Endocarditis

Endocarditis is an infection of the thin layer of tissue lining the inside of the heart muscle. The infection is caused by organisms (such as bacteria, yeasts, and fungi) that attach themselves to the lining, usually on the heart valves. They grow there, damaging the valves.

How does it occur?

You are more at risk for endocarditis if you have:

 - previous heart valve damage from having had rheumatic fever

 - some types of heart problems present from birth

 - an abnormal heart valve caused by aging or breakdown of valve tissue

 - had endocarditis before

 - artifical heart valves

The most common ways bacteria can enter the blood are:

 - during dental procedures

 - after an injury with an open wound

 - from shared needles during drug use

 - during certain surgical and diagnostic procedures

Endocarditis may occur if you are hospitalized with IV tubes, especially if you need the tubes for more than a day or two.

What are the symptoms?

The most usual symptoms are:

 - persistent fever

 - sweats

 - chills

 - loss of appetite

 - fatigue

 - weight loss

 - joint and muscle pains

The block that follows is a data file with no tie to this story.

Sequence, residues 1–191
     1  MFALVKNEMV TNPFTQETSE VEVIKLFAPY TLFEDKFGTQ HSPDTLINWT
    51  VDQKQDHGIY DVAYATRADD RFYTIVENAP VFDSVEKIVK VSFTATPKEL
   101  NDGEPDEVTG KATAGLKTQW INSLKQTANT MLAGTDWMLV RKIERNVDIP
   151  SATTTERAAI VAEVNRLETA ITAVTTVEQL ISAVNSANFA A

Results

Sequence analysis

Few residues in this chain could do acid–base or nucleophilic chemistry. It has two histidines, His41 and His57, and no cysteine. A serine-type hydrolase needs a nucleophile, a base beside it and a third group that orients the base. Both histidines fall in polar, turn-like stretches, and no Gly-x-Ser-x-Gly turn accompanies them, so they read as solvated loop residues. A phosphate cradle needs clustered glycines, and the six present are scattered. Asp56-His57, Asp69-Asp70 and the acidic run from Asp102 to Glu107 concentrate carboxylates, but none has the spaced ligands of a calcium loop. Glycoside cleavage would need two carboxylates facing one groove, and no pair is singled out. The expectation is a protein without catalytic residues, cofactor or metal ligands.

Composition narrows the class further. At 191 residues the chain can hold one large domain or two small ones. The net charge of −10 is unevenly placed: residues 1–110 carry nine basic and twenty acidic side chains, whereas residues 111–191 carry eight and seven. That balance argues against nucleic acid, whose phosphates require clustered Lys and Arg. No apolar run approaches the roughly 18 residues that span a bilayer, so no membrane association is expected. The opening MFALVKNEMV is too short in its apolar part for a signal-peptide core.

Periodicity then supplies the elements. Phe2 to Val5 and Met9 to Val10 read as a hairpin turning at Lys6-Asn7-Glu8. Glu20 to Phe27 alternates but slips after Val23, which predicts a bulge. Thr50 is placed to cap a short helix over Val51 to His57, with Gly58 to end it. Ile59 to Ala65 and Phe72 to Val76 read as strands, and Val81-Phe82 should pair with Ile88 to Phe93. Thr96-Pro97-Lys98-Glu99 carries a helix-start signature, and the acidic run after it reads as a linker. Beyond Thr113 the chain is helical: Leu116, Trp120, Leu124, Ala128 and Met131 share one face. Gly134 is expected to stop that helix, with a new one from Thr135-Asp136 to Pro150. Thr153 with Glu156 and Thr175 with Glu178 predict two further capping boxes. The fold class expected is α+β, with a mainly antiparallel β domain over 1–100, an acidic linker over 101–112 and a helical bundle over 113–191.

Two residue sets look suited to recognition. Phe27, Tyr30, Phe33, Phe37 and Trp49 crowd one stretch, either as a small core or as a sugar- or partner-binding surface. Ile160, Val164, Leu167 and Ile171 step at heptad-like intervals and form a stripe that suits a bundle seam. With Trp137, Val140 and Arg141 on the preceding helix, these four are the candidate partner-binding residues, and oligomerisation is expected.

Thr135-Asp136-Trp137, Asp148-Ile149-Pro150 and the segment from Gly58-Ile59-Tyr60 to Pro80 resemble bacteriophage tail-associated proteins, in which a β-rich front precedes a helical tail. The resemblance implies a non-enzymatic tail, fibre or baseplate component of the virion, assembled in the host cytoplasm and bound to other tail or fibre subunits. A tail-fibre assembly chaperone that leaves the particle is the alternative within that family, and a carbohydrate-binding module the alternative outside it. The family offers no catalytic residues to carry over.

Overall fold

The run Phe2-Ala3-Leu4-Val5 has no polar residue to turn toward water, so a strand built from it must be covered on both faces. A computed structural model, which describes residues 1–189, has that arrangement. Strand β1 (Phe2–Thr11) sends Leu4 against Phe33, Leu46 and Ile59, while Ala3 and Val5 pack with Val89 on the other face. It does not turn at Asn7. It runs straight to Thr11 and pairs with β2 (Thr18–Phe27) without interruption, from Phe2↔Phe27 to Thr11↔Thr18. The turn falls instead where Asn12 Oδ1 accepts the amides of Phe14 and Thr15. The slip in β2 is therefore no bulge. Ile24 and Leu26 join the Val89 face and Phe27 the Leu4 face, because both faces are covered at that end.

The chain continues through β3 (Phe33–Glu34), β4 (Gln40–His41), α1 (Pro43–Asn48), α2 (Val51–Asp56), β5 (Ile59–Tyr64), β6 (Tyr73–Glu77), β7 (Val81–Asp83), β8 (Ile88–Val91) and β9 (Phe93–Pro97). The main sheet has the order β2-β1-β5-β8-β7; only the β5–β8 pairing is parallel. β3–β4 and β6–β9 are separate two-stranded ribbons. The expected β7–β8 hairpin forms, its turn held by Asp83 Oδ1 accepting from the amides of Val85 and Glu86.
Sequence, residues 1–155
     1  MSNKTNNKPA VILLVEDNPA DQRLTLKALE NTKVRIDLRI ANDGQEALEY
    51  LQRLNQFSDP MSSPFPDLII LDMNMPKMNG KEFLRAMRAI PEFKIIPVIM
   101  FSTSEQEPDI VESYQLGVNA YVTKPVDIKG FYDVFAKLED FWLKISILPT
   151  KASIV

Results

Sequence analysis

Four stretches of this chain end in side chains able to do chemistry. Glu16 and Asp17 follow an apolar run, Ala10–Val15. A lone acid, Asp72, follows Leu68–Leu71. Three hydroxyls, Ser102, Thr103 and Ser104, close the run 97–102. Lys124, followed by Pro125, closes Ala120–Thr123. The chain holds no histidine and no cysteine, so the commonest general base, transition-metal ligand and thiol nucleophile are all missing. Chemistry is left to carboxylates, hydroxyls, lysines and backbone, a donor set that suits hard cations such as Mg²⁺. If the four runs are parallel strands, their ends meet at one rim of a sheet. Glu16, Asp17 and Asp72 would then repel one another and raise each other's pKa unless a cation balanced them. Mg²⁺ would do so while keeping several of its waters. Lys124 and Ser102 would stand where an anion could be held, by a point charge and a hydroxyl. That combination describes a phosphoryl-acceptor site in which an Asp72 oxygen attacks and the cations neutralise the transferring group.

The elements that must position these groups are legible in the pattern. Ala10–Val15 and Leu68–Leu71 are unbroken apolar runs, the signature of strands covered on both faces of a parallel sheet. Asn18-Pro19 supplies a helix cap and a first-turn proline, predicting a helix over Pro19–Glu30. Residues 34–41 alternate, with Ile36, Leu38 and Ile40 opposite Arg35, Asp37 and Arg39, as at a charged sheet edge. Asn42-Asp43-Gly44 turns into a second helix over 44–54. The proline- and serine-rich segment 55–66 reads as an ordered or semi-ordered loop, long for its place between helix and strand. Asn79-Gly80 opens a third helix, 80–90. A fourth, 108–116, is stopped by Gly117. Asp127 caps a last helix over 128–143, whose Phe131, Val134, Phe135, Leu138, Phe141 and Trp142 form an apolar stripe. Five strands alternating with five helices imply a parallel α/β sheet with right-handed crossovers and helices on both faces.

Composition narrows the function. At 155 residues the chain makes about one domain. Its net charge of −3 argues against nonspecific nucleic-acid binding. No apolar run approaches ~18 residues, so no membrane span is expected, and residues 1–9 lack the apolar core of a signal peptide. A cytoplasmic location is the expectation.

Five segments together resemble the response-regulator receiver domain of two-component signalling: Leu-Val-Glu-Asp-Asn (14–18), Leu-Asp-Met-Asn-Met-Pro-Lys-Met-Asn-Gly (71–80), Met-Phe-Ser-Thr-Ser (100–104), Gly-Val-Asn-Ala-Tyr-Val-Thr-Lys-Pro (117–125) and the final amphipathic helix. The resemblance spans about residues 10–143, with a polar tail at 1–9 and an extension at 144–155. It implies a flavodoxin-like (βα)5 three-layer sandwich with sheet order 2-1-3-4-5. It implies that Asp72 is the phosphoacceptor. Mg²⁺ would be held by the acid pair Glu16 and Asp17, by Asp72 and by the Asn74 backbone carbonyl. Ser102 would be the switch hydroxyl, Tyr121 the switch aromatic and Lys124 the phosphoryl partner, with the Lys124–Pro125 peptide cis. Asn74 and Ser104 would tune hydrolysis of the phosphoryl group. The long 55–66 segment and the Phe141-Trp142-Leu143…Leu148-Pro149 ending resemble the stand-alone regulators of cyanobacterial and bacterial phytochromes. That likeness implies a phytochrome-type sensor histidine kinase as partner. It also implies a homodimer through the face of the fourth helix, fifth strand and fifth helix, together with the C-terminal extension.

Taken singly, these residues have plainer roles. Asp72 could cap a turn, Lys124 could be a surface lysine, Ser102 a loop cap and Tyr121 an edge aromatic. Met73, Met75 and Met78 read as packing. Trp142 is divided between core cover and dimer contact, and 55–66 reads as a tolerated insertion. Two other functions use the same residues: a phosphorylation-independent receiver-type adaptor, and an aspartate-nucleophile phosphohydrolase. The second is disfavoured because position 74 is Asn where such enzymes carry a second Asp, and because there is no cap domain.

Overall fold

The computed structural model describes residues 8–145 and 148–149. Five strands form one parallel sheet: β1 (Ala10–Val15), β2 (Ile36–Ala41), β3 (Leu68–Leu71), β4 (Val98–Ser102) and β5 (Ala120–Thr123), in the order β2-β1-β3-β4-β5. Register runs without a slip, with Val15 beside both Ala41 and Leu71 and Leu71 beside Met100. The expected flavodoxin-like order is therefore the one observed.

How is it diagnosed?

Your doctor will take note of your symptoms and examine you. He or she may order the following tests to confirm diagnosis:

 - Echocardiography uses ultasound pictures of your heart structure to detect small areas of infection, called vegetations, attached to the heart valves.

- A transesophageal echocardiogram (TEE) is a special echo picture taken through a small tube passed down your esophagus. This view gives the clearest picture of the vegetation.

- Blood samples will be tested for infection and to identify the bacteria causing it. The vegetations on the valves give off a shower of bacteria into the bloodstream. However, if you have taken antibiotics during the 2 weeks before the blood test, identification may be delayed or impossible.

How is it treated?

You will take antibiotics for 4 to 6 weeks. You can usually take the last weeks of antibiotic treatment at home. You may need to have surgery right away if the antibiotics are not able to get rid of the infection or if one of the heart valves is severely damaged.

How long do the effects last?

Successful treatment of the infection may not be enough to restore normal health if a heart valve has been damaged too much. If the valve has been damaged too much, your heart has to work harder and may become enlarged. You may not be able to exercise as much as you used to. If this happens, you may benefit from valve replacement surgery.

If you have an artificial heart valve and get endocarditis, the infected valve must usually be replaced with a new one to be sure of a cure. If the treatment for endocarditis is not successful, you run the risk of a stroke or damage to the kidneys.

Can it be prevented?

Tell your health care provider or dentist if you are at risk for endocarditis. If you are at risk for the disease, consult your physician to take antibiotics before you have dental work or before tests to look into your bladder or rectum. The use of antibiotics before the procedures can prevent infection.

NextGen Patient Education Material